• Lifespan: About five years in captivity (2–3 for birthing female chameleon)
  • Lifestyle: Diurnal
  • Diet: Insectivore
  • Conservation Status: Least Concern

Coloration varies with geographical location. The different color patterns of Panther Chameleons are commonly referred to as ‘locales,’ which are named after the geographical location in which they are found.

Panther Chameleons from the areas of Nosy Be, Ankify, and Ambanja are typically a vibrant blue. And those from Ambilobe, Antsiranana, and Sambava are red, green, or orange. The areas of Maroantsetra and Tamatave yield primarily red specimens.

Numerous other color phases and patterns occur between and within regions. For example, females generally remain tan and brown with hints of pink, peach, or bright orange, no matter where they are found. However, there are slight differences in patterns and colors among the different color phases.

Behavior & Temperament

Panther Chameleons are territorial and should be housed individually. Handling tends to be stressful. Thus, as with oPanther Chameleons are territorial and should be housed individually. Handling tends to be stressful. Thus, as with other chameleons, they are pets that are better suited to being watched rather than handled a lot.


After a gestation period of 30-45 days the female will descend to the ground and dig a burrow into which it lays 14-34 eggs. The female will not be involved in the hatching of her offspring and they will be independent at birth. Depending o

After a gestation period of 30-45 days, the female will descend to the ground and dig a burrow into which it lays 14-34 eggs. The female will not be involved in the hatching of her offspring, and they will be independent at birth. Depending on the temperature, incubation ranges between 160-362 days.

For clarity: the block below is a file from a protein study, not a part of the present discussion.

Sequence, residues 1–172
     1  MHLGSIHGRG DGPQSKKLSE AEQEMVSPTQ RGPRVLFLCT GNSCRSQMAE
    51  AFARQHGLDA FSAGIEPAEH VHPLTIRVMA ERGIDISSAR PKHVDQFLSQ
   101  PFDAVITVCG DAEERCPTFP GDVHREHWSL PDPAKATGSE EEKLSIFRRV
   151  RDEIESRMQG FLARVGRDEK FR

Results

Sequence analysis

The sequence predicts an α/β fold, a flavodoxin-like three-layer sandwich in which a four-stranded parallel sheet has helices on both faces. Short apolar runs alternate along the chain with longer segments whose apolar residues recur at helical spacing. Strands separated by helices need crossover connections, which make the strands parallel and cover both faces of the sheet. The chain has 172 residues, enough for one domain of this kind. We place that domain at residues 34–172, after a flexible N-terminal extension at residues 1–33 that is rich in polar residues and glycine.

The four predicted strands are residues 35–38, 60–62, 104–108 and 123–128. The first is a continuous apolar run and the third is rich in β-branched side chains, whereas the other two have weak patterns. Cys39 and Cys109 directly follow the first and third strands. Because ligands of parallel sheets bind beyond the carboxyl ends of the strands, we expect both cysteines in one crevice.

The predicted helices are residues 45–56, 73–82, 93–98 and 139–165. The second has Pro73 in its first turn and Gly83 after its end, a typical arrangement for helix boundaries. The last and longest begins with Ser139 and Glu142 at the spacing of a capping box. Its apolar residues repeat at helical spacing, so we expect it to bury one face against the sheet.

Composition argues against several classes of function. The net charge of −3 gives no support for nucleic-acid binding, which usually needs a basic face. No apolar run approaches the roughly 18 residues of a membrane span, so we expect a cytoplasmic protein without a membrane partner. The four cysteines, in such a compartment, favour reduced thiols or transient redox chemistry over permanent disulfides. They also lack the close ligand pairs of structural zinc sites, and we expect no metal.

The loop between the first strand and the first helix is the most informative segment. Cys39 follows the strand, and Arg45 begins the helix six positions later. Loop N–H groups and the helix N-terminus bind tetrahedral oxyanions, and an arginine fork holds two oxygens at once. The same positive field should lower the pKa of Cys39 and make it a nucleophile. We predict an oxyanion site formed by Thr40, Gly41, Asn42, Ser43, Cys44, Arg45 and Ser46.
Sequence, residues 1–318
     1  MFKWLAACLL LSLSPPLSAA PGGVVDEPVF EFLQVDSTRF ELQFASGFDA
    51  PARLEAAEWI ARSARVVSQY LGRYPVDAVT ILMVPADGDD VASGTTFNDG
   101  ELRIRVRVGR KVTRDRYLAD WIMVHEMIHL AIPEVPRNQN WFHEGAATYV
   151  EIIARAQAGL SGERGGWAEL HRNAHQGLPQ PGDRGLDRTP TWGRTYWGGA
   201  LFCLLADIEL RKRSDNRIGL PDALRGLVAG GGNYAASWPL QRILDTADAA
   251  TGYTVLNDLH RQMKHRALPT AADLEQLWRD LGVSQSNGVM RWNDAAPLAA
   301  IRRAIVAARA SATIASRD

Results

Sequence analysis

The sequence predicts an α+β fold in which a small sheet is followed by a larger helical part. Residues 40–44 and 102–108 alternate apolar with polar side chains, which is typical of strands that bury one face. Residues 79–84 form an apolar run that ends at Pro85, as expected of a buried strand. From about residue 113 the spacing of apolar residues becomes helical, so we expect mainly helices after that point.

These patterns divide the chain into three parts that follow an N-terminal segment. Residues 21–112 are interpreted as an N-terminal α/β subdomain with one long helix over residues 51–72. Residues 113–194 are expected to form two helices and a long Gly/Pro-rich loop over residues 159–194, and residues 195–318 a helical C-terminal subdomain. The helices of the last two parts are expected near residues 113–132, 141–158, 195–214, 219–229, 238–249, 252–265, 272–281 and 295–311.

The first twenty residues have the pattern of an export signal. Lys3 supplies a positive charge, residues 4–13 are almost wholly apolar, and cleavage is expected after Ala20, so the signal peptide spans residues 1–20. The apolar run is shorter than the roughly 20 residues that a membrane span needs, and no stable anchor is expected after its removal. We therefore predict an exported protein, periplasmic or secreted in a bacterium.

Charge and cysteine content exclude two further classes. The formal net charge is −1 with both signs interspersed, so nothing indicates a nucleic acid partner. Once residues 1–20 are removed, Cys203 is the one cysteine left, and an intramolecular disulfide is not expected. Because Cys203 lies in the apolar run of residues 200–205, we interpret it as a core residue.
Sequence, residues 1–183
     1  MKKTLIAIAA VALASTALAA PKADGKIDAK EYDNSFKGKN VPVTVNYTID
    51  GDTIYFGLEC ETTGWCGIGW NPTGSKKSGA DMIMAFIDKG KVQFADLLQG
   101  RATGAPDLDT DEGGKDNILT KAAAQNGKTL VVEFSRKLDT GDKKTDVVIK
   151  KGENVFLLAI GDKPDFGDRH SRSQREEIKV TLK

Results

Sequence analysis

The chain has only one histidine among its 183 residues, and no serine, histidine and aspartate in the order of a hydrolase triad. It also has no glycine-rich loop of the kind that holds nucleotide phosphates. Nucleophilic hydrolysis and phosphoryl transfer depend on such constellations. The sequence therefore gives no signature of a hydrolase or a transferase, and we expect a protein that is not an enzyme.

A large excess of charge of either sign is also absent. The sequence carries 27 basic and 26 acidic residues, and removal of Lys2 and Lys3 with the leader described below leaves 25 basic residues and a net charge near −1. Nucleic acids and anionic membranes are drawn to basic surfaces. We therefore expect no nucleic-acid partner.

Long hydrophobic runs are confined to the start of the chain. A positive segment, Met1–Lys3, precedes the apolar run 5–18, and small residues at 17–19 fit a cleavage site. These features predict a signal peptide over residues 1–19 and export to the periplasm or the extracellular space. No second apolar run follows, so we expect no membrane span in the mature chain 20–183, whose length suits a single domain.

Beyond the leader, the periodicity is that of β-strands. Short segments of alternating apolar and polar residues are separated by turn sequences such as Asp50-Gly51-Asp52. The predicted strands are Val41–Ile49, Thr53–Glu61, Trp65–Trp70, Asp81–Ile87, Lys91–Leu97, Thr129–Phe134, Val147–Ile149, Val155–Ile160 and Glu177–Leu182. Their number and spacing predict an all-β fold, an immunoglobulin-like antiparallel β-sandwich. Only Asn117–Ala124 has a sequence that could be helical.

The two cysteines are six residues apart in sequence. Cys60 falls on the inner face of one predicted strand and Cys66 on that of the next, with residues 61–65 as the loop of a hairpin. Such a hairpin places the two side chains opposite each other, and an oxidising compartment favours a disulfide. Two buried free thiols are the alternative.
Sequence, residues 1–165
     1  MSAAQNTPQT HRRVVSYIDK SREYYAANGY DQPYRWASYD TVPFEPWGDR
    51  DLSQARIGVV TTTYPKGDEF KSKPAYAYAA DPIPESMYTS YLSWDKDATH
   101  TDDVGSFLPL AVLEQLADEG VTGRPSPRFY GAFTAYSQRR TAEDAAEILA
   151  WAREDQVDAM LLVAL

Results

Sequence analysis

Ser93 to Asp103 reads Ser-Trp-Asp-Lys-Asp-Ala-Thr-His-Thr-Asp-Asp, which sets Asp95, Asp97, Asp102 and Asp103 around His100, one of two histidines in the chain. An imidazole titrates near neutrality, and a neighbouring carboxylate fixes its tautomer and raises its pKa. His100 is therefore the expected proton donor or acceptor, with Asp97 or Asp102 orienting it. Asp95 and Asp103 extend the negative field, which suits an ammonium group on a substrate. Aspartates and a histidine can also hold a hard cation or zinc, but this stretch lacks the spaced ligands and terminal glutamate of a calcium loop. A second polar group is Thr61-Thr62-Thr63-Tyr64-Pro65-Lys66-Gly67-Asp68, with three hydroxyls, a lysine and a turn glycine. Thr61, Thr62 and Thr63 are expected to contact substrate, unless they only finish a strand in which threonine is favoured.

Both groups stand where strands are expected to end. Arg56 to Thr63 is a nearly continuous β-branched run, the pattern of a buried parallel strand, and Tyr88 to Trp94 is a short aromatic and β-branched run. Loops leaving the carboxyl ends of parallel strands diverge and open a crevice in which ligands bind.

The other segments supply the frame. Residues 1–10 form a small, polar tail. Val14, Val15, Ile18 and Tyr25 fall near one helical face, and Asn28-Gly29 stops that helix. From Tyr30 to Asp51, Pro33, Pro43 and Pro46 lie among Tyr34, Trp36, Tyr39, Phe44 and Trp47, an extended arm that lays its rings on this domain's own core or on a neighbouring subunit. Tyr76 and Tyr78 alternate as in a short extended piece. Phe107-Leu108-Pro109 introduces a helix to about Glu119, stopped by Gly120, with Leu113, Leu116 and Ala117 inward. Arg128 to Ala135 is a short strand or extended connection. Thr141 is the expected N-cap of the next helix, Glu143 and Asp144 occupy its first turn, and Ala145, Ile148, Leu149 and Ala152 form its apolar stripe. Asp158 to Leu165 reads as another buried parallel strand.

Check out the Panther Chameleon care sheet for more information.

4. Bearded Pygmy Chameleon – Rieppeleon brevicaudatus

Bearded Pygmy Chameleon (Rieppeleon brevicaudatus)

The Bearded Pygmy Chameleon originates from the eastern Usambara and Uluguru Mountains in northeastern Tanzania and Kenya.

Quick Facts
  • Other Common Name: Bearded Leaf Chameleon
  • Color: Brown, beige, green
  • Length (male): 5-8 cm
  • Length (female): 5-8 cm
  • Other Distinctive Features: It is easily distinguished from others in the Rieppeleon genus by the presence of a “beard” below the mouth, consisting of a few raised scales
  • Named after Latin “brevis, -e” = short and “cauda, -ae” = tail.
  • Lifespan: About 3–5 years
  • Behavior & Temperament: Docile
  • Reproduction: Oviparous
  • Diet: Insectivore
  • Conservation Status: Least Concern

The Bearded Pygmy Chameleon is capable of compressing its body laterally and producing a stripe down its side, mThe Bearded Pygmy Chameleon can compress its body laterally and produce a stripe down its side, mimicking a dead leaf. It often assumes this form when sleeping in the open.

5. Spectral Pygmy Chameleon – Rhampholeon spectrum

Spectral Pygmy Chameleon (Rhampholeon spectrum)

The Spectral Pygmy Chameleon is a species native to mainland Africa (Cameroon, Equatorial Guinea, Gabon, the CThe Spectral Pygmy Chameleon is a species native to mainland Africa (Cameroon, Equatorial Guinea, Gabon, the Central African Republic, the Republic of the Congo, and Nigeria).